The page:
How likely is it that people will chose to become enhanced with technology especially if not done for medical necessity? Just consider that according to statistics released by the American Society of Plastic Surgeons, a few years ago 14.6 million cosmetic plastic surgery procedures were performed in the United States. These procedures are not done for medical necessity, and could result in severe side-affects. There is also a DIY grinder movement, the goal of which is to self-enhance the body with technology; much of which is off-the-shelf and cheap. For example, some grinders place a magnet in their finger to detect magnetic fields or an RFID chip in their body to communicate to external devices. So, generally, I envision the proliferation of cyborg technologies into the human body following the stages for technology adoption as shown for that of other information technologies that are now part of society.

Do you think people, with the Cyber option, will still want to eat, sleep, have sex, work?

To answer this question, I have to also discuss AI and robotics. At some point in this century, I think AI will surpass humans in general intelligence, until then, cybernetically enhanced people will continue to gain in abilities and surpass those people that remain free from cyborg technologies. During this time period, eating, sleeping, and having sex will still be a basic human need and therefore cyborg enhanced people will engage in these activities. However, if people become more machine than biology, some of our basic needs may no longer be operating, then our bodies may be powered by nonbiological sources, we may not need REM sleep, etc. As to work, some argue that to compete with AI and robotics, we need to cybernetically enhance our bodies to have similar capabilities, else we could get left behind.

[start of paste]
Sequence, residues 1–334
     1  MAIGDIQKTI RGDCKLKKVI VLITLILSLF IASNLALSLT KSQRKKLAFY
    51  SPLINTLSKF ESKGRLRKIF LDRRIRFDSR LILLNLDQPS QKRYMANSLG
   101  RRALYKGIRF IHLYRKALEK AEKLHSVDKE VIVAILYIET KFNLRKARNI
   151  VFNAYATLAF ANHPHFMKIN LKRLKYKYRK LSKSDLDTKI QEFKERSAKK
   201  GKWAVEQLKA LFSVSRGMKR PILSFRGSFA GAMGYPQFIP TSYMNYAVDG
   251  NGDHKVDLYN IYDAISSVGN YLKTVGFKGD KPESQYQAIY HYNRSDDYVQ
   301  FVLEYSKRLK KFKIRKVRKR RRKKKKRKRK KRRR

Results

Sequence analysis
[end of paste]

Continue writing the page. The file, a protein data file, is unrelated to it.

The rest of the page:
How will society change?

Along with advances in cyborg technology\AI integrated into our bodies we are entering an age of acceleration in science, engineering, and business. I agree with Ray Kurzweil and Peter Diamandis that up till now, the models underlying society were largely based on a linear model of change, thus many people expect that technology and society in the next few decades will just be a linear extrapolation of technology that exists now. But due to the exponential growth of technology, especially information technologies, this model needs to be redefined.

What will be the effect on organizations when cyborg enhanced people with superior skills to those non-enhanced enter society? Clearly, organizations will have to be able to adopt and redefine themselves at a faster and faster pace. And the models we have underlying society at every level are going to be challenged, whether you’re talking about the role of schools, or religious institutions, the law, or business in general. In fact, people with body modifications that are members of the Church of Body Modification, have already been involved in employment disputes, resulting in litigation. And in employment law, a person with a disability corrected by cyborg technology may have superior abilities than people without the enhancement, but still under the law they are considered disabled.  So, many societal institutions will have to adopt to cyborg enhanced people entering society; therefore, I believe there should be much debate concerning the future direction of humanity with respect to advances in cyborg technologies.


Dr. Barfield’s book is available here

Hank Pellissier
Hank Pellissier serves as IEET Managing Director and is an IEET Affiliate Scholar.


Thanks for a great article.  Really informative and helpful.